FIG. 7 shows the relationship between applied erase-pulse duration-time TE and resultant VT under these conditions. It is seen from FIG. 7 that in the case of a cell in which VTA is 6.6 V, the value of VT drops to 2.0 V after a 50-msec application, so that the cell almost returned to its original, pre-writing state. After approximately this 50 msec, moreover, the erasure curve becomes essentially asymptotic.
Under the bias conditions obtained during the aforementioned erasing operation, an avalanche current flows across the drain junction. This current, however, is extremely small, i.e., approximately 100 microA. The reason for this is that the source voltage VS is high at 2 V, which, along with a control-gate voltage of 0 V, allows essentially no current to flow between the source and drain. It may be conjunctively noted that it would also be possible to erase data even if the source voltage were set at 0 V. In this case, however, breakdown would occur, with drain current becoming excessively large, and thereby creating the possibility of wiring melt-down or thermal destruction of the cell.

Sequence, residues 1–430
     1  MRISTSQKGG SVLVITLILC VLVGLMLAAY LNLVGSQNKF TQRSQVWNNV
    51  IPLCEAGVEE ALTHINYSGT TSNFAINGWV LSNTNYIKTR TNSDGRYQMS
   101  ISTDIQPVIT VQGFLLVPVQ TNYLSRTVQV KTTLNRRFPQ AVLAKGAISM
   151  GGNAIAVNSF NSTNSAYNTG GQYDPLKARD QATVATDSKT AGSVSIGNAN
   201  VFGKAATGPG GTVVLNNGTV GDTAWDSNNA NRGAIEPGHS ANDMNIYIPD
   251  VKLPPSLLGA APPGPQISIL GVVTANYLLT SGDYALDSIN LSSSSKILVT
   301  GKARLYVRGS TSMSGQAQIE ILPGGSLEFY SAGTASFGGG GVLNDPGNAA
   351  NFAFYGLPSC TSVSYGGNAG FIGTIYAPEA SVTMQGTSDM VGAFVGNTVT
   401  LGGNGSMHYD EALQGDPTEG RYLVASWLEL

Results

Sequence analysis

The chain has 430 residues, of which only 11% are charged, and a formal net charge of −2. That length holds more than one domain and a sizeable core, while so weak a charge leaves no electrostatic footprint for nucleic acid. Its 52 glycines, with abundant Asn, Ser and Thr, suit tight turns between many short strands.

FIG. 8 shows a chart of drain current vs drain voltage characteristics obtained with the floating-gate potential VFG actually fixed at 0 V. Here the source voltage VS was taken as a parameter, and the substrate potential was 0 V. As shown, a current caused by the avalanche effect begins to flow when VD exceeds 7 V. Because holes generated by the aforementioned avalanche then flow to the substrate as a so-called "substrate current", the potential of this p-type substrate in the vicinity of the source and drain becomes higher than ground potential. Accordingly, when the source voltage VS is 0 V, even a slight avalanche will readily forward-bias the np junction between the source and substrate. As a result, the net sequence of (a) injection of electrons from the source electrode, (b) acceleration of these injected electrons to the drain and (c) occurrence of a secondary avalanche in the vicinity of the drain, continues until breakdown eventually occurs. In the case of VS =0 V, the breakdown voltage is approximately 9 V. However, if the source voltage VS is maintained at a positive voltage, i.e., if the np junction is maintained in a reverse-biased state, the forward-biased condition of the source-substrate junction caused by the aforementioned avalanche tends not to occur. Accordingly, even if the drain voltage rises somewhat and the avalanche current increases, the voltage tends not to reach breakdown levels. Actually, as is seen from FIG. 8, the drain voltage VD and drain current ID at which breakdown occurs increase as the source voltage VS is increased from 1 V to 3 V. This indicates that reverse biasing of the source with respect to the substrate makes it possible to maintain the avalanche phenomenon in a location which contributes to erasing, while avoiding the occurrence of breakdown (which would otherwise result in the flow of an excessively large current).